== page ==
‘encouraging people to develop a regular and sustainable saving habit’.
The second point to drawn from the American findings concerns how financial
education is provided. Here, three characteristics of financial education programmes
prove particularly important in determining their effectiveness. These are the content
of what is taught, the medium through which financial education is provided and who
provides the education.

What should the content of financial education be?
Before content of financial education can be discussed, we first need to think about
what level of financial capability/literacy is needed in order to make informed
decisions about saving.

Question: How do we measure the success of financial education and what level of
capability do people need?

The US experience highlights the importance of effective communication in financial
education programmes (Clancy et al: 2001). It also suggests that what constitutes
effective varies considerably between groups. Researchers in the US have identified
three specific challenges to effective communication which arose in the ADD
program:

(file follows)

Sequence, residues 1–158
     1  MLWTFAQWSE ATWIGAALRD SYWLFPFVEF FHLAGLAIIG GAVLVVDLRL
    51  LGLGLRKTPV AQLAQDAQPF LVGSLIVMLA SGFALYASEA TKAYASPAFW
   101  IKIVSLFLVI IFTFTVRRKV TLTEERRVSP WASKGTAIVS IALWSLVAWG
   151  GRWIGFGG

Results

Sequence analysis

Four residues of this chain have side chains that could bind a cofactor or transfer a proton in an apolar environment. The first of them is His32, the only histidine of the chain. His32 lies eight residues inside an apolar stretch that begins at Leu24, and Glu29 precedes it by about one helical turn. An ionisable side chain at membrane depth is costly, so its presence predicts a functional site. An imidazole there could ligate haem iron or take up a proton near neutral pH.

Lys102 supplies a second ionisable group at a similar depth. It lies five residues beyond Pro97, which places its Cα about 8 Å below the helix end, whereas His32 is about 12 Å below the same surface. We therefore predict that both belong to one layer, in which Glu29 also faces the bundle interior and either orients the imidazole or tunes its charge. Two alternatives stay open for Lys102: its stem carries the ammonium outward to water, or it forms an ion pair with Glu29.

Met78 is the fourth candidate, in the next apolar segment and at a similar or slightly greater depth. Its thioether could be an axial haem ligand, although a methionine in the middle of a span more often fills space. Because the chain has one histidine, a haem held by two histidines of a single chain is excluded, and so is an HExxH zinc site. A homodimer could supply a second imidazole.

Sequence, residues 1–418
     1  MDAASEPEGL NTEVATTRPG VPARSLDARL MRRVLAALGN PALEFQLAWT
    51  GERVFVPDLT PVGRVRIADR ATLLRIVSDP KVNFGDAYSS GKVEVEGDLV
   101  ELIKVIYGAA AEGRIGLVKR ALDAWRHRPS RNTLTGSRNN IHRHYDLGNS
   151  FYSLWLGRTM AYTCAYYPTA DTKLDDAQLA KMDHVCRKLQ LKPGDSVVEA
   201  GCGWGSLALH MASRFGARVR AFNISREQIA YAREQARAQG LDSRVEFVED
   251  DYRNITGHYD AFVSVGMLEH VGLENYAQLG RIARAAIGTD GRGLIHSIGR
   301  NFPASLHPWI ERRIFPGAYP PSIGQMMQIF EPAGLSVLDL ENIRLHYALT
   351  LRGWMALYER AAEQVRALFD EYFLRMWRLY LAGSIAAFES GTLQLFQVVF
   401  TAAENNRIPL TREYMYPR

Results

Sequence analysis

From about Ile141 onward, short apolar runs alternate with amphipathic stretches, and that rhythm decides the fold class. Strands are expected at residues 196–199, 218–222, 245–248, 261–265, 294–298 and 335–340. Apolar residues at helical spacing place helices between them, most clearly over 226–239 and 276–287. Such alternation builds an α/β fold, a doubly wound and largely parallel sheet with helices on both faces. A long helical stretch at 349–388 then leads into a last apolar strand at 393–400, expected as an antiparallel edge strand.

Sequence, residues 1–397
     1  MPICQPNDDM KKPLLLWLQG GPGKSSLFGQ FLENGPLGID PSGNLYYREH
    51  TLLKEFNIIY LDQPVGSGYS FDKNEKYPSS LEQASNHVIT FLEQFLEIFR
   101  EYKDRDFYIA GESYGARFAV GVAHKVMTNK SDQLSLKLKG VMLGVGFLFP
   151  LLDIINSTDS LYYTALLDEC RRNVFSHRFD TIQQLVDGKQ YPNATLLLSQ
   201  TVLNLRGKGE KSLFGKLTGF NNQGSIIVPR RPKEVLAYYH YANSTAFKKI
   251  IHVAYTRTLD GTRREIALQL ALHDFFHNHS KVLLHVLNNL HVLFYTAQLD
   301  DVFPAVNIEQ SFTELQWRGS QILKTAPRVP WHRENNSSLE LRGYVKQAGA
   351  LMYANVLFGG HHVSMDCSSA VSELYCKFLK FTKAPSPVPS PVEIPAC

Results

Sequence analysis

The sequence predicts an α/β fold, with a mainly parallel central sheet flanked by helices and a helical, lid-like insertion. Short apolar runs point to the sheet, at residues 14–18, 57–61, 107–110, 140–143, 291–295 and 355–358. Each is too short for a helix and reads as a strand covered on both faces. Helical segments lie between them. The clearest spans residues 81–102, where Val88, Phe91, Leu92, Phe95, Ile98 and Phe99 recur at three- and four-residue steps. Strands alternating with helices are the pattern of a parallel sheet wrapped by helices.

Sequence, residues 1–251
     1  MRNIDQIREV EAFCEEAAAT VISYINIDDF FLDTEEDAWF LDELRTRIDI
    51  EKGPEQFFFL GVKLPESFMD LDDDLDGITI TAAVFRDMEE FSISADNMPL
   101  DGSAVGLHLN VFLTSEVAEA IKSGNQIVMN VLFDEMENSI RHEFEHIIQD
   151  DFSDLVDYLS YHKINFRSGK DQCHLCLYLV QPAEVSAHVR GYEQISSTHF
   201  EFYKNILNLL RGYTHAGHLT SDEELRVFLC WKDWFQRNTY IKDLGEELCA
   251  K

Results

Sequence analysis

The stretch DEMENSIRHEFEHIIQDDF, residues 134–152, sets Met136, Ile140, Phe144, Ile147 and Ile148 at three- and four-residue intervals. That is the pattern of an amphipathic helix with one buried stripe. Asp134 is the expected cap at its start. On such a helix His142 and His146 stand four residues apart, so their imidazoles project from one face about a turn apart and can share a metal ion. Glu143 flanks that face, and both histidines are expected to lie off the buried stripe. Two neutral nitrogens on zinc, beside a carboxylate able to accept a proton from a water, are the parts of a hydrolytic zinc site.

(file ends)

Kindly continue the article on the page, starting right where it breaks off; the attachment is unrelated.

i.     Language and the use of plain English: It was essential that language used is
       simple and non-jargonistic: “the curriculum must translate the abstract and
       complex language of finance into concrete and simple terms, yet convey the
       correct message” (Clancy et al, 2001: 7).
ii.    Variations in Literacy: Education programs need to account for a large range
       in literacy and education standards, including differing levels of numeracy and
       fluency in English.
iii.   Cultural Differences: It was found that “without proper attention to cultural
       differences, financial-education messages may get lost in cultural gaps”
       (Clancy, et al, 2001: 7-8). In the case of IDAs under the ADD scheme,
       specific curricula were designed for various target groups including women,
       ‘battered women’, Native Americans and children.
A further important consideration when designing the content of financial education